Biodiversity theory debunked

Biodiversity theory debunked

According to biology text books, the relationship between species richness and productivity is hump-shaped. Biodiversity first rises as resources increase, until the area becomes so fertile that larger, fast-growing species begin to crowd out the smaller slow-growing plants, and biodiversity then declines.

But work published in Science debunks this theory. Peter Adler, a plant ecologist at Utah State University in Logan, together with an international network of collaborators show that, on the small scale at least, there is no consistent relationship between biodiversity and productivity, although the link may still hold on regional or global scales.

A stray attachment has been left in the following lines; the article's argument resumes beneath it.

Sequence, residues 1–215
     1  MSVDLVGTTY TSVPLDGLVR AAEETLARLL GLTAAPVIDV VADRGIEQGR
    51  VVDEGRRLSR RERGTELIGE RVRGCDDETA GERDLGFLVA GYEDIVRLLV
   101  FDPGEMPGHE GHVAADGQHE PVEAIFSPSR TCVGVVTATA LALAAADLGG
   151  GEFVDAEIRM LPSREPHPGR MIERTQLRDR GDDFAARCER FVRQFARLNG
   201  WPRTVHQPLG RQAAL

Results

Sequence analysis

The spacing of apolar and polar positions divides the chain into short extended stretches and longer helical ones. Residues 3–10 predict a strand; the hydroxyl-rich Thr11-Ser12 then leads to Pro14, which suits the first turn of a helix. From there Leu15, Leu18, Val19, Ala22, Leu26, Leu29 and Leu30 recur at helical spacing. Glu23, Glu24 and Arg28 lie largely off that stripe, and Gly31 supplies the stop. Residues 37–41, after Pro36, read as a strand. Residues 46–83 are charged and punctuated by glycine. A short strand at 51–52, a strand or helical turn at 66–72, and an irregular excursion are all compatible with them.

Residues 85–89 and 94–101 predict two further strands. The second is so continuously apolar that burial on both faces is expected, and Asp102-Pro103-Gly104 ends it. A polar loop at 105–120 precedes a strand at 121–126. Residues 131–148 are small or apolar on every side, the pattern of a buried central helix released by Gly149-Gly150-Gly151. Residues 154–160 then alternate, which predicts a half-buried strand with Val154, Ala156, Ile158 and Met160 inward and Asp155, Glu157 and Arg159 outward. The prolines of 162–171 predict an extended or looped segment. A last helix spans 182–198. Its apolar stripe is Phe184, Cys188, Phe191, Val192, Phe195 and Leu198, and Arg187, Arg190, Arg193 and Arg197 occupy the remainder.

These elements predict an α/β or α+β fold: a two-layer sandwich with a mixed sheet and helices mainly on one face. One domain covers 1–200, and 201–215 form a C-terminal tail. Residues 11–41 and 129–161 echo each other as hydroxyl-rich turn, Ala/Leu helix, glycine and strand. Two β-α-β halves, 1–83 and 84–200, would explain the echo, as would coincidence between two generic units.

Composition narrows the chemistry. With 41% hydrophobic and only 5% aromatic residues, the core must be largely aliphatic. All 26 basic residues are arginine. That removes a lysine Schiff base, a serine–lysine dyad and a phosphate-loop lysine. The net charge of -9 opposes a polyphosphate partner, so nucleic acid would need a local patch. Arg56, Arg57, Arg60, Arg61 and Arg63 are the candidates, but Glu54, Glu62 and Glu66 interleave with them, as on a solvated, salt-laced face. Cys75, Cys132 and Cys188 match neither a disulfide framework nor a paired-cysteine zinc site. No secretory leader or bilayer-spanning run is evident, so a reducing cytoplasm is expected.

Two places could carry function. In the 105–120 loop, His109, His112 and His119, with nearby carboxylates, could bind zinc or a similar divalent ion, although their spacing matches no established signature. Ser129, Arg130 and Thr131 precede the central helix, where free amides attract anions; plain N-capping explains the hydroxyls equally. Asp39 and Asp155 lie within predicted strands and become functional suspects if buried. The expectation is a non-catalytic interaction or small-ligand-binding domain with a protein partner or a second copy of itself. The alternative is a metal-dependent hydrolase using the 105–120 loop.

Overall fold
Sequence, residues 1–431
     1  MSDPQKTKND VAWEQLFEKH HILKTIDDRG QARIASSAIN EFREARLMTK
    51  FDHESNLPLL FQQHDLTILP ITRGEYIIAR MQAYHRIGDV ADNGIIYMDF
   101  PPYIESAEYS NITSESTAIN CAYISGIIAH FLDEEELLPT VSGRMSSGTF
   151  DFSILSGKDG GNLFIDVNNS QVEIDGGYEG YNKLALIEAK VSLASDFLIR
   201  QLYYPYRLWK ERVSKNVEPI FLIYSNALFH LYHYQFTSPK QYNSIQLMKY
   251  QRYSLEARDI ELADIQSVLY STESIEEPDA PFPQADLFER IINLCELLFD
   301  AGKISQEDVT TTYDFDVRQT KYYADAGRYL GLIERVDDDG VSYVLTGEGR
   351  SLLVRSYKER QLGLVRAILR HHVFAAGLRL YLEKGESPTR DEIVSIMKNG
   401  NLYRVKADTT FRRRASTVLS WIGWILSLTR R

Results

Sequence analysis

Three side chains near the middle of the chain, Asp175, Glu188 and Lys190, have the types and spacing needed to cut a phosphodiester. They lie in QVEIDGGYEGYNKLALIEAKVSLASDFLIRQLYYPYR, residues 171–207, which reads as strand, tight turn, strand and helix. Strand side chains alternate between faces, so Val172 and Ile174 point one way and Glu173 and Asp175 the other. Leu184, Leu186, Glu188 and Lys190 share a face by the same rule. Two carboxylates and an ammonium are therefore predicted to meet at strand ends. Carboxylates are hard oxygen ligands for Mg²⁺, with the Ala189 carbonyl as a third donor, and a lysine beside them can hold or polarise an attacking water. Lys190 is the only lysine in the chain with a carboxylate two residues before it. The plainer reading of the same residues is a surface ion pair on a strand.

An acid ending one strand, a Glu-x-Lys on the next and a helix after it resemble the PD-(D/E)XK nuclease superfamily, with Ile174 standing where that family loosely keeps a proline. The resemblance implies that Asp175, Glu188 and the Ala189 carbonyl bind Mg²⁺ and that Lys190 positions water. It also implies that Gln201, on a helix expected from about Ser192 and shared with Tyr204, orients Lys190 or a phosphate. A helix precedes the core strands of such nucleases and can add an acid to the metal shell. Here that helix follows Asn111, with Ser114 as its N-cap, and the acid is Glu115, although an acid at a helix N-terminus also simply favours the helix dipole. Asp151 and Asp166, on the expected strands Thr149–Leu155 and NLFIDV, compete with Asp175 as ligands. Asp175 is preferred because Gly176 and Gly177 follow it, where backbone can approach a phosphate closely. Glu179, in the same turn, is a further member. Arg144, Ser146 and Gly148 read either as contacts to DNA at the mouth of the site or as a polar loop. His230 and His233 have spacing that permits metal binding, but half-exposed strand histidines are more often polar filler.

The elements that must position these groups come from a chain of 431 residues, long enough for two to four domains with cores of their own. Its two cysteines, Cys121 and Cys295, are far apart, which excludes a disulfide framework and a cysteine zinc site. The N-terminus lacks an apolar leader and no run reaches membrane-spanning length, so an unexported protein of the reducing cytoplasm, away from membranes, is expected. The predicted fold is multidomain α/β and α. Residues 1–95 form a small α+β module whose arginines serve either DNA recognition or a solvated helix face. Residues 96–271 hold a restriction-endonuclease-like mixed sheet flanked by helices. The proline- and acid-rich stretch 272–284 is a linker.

“This relationship does not deserve its place as one of these text-book patterns that students are introduced to,” Adler told Nature.

Disproving the relationship at small scales is important, he says, “because this is the scale at which we test our theories of plant species interactions.”

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